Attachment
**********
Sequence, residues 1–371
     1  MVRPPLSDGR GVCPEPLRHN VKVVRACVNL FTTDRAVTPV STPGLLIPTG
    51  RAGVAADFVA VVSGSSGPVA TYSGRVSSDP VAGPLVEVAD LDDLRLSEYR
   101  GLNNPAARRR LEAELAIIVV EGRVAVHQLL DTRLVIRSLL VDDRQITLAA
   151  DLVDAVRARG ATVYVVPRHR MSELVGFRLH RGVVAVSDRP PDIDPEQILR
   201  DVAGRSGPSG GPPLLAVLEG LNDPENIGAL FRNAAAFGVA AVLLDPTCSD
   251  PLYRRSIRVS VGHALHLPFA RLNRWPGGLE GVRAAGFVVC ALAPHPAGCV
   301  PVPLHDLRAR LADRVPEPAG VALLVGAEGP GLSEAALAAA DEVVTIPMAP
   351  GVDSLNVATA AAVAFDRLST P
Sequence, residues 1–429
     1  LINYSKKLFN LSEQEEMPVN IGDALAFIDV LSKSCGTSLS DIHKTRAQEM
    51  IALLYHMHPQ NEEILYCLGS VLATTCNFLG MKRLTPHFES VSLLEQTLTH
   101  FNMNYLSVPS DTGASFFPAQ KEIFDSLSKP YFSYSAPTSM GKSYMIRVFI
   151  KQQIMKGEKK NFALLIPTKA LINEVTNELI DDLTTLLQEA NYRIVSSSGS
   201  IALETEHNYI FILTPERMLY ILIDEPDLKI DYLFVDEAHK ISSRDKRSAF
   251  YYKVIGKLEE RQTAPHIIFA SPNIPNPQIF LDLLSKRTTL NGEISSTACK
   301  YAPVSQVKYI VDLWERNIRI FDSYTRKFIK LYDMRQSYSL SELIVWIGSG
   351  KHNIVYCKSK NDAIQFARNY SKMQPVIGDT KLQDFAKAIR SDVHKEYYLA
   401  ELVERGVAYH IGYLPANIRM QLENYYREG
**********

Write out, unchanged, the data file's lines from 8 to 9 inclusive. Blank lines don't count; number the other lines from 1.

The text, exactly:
   301  PVPLHDLRAR LADRVPEPAG VALLVGAEGP GLSEAALAAA DEVVTIPMAP
   351  GVDSLNVATA AAVAFDRLST P